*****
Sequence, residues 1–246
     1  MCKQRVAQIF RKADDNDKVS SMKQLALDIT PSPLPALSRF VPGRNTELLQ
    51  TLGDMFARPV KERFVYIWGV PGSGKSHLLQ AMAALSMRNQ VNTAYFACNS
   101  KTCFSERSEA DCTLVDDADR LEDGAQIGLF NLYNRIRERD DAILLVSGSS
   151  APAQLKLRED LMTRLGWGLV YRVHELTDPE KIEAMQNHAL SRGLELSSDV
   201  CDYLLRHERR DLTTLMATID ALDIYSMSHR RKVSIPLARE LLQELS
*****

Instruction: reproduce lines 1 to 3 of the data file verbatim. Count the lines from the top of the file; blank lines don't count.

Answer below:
Sequence, residues 1–246
     1  MCKQRVAQIF RKADDNDKVS SMKQLALDIT PSPLPALSRF VPGRNTELLQ
    51  TLGDMFARPV KERFVYIWGV PGSGKSHLLQ AMAALSMRNQ VNTAYFACNS